The Road to Gold, Part 2

by Jake Duhaime, Special to U.S. Figure Skating Online
Evan Lysacek
Photo by Michelle Harvath

Lysacek sees 'Carmen' as ticket to Torino

(11/29/05) - 2005 World bronze medalist Evan Lysacek admits he doesn't know much about the role “Carmen” plays in skating history. Yet he knows that his new free skate now has an Olympic feel to it.

“I was trying to find something that sounded Olympic, and I think ‘Carmen' really, really does,” Lysacek told U.S. Figure Skating Online in mid-November.

Lysacek was only 2 when “The Battle of the Carmens” took place at the 1988 Olympic Winter Games in Calgary between Katarina Witt of Germany and American Debi Thomas. While some fans may express disappointment in hearing “Carmen” once again in competition, it's still new as far as he's concerned.

“I've only been in the sport the last 10 years, and, yes, I've heard a lot of those comments,” said Lysacek, who appears on SKATING magazine's November cover. “It's so new to me. I'm in love with the music, and if I have the opportunity to expose this music to the world another time, then why not?”

Lysacek made the switch following his second-place performance at Smart Ones Skate America in Atlantic City, N.J., in late October. While Lysacek is a fan of the movie “Grease” and its music, he felt that the program didn't represent him the way he would have liked.

“I had a meeting with (coach) Frank (Carroll) the Tuesday after Skate America, and we made the decision (to change),” Lysacek said. “The old program was a lot of fun, but it just wasn't serving its purpose. It was something I really didn't feel represented me or my own realm of personality.”

Lysacek also admits that it's difficult to skate to something upbeat in competition.

“When you're in an intense competition with a lot of pressure and a lot on the line, you aren't feeling light and fun,” Lysacek said. “You want to get into an intense character, and the program didn't allow me to do that.”

Switching a program mid-season isn't uncommon. Stephanie Lambiel of Switzerland, for example, took a new program into last year's World Figure Skating Championships in Moscow and walked away with gold.

Evan Lysacek at the 2005 World Championships
Photo by Michelle Wojdyla
But previous success doesn't mean that making a switch isn't a risky move. For Lysacek, the switch in program means gambling a spot at the Grand Prix Final. A strong performance at this week's NHK Trophy in Japan could qualify him for the final, where he will have another chance to perform the program in front of judges. If he does not qualify, Lysacek will have to wait until possibly the Four Continents Figure Skating Championships in January to compete in front of international judges again.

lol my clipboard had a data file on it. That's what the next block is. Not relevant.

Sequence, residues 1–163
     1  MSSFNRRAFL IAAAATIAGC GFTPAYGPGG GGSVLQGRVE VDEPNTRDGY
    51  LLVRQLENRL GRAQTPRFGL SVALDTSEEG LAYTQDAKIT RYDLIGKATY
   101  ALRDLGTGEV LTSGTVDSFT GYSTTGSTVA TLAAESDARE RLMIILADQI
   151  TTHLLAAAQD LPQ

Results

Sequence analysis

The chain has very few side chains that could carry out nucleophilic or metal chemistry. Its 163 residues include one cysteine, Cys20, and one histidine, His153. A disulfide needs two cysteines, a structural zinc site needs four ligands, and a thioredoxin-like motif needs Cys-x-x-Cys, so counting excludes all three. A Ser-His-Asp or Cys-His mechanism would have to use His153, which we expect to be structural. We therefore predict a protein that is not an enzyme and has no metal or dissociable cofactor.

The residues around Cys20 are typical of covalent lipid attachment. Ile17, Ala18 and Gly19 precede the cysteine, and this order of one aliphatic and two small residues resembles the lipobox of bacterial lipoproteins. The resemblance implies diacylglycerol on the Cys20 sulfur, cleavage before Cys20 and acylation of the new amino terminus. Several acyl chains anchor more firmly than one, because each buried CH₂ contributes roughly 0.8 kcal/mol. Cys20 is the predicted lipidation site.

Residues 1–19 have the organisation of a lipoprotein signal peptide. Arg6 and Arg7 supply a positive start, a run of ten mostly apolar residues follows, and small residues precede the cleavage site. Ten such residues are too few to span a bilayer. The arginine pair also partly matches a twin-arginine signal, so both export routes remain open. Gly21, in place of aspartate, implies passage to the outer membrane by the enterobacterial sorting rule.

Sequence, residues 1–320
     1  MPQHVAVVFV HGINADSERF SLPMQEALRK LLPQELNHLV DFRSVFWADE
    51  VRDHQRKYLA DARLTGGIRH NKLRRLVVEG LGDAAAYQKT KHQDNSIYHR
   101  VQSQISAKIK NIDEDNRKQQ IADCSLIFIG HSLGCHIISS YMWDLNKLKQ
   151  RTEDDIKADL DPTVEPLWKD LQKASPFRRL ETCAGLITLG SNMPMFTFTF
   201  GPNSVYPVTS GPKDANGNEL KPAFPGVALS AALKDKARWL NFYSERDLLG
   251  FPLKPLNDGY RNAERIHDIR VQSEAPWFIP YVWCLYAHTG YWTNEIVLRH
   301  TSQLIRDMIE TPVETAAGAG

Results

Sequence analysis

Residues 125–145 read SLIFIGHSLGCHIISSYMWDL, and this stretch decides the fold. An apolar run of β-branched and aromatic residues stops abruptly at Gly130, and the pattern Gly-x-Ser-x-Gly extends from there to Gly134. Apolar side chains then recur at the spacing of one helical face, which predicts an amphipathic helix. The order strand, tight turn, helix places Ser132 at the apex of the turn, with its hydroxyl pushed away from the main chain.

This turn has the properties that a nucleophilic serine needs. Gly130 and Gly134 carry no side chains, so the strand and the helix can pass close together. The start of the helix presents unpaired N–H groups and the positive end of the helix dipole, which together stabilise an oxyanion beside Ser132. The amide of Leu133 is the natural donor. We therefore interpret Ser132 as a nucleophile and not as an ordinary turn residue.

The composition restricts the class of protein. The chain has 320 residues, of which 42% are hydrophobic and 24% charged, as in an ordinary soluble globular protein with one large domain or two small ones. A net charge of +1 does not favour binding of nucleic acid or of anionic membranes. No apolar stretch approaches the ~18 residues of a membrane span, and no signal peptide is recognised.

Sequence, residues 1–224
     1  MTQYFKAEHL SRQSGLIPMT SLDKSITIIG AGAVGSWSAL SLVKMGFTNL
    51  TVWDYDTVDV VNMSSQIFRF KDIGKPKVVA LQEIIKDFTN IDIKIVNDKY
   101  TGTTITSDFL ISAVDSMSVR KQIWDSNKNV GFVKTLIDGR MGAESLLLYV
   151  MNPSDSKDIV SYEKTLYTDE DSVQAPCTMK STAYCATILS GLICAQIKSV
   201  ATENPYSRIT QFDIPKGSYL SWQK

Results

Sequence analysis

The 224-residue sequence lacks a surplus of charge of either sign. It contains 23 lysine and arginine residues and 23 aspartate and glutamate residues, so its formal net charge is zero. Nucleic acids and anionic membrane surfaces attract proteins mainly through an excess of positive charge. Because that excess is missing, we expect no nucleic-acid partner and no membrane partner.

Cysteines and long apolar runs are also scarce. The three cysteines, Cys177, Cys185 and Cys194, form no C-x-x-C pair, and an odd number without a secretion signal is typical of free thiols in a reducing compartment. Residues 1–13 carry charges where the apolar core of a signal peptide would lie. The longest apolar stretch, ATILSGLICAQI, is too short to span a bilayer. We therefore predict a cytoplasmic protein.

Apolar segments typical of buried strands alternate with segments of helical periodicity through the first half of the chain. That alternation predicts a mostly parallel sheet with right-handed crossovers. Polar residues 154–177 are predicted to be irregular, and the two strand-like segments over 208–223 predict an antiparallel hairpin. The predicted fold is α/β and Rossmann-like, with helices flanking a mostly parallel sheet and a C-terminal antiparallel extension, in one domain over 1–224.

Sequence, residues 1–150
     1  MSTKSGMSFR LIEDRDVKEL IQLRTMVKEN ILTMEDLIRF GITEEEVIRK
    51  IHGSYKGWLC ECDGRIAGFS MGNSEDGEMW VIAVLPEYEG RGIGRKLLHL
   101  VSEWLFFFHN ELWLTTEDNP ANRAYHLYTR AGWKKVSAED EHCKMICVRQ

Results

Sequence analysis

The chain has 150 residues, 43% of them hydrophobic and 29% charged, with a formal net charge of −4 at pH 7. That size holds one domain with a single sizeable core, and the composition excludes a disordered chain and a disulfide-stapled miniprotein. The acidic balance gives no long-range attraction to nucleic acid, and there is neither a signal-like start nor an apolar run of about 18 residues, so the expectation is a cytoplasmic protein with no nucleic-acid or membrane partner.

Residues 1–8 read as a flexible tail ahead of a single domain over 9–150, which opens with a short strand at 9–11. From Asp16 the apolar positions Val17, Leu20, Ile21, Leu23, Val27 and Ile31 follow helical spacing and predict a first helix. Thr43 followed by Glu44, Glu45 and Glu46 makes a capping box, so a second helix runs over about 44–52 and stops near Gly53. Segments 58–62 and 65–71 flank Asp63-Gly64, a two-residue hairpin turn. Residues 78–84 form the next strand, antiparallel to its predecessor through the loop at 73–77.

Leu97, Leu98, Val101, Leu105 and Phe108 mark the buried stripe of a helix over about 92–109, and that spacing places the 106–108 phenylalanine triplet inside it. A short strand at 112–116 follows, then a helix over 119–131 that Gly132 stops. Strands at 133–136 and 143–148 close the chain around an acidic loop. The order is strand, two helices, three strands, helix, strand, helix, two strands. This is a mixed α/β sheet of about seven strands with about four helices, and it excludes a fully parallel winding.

However, for Lysacek, this week's competition is more about the experience than qualifying for the Grand Prix Final.

“I think because this is only my second year on the senior circuit that I'm just trying to gain as much experience as possible,” he said. “I'd rather go out and take every risk knowing that I'd learn a lot more from it then not take any risks at all.”

Many skaters have noted how they've upgraded various elements of their preexisting programs to garner more points. Lysacek's choreographer, Lori Nichol, was instrumental in the development of the ISU judging system. This gives him what he feels is a distinct edge in maximizing his point totals with this new program.

“I would say that this program is being choreographed to be much more difficult than the one I already had,” Lysacek said. “I don't know many people who would know the scoring system any better then Lori. Having her on my side is like killing two birds with one stone.”

Lysacek also feels that there's an advantage to seeing what his opponents have done so far this season.

“Now I'm able to see what everyone else has done and say, ‘How am I going to beat that?' Technically, if I did my new program to the best of my ability, the scores would be higher than anything we've seen so far this season. It's all about execution at this point.”

In the end the move all comes down to the Olympic Winter Games. Lysacek is a medal hopeful who feels that his best shot comes skating to “Carmen,” both technically and emotionally.

“I might have stuck it out with ‘Grease' if this wasn't an Olympic year,” he said. “But right now I don't feel that there will be a great Olympic moment for me if I don't have any feelings for my program.”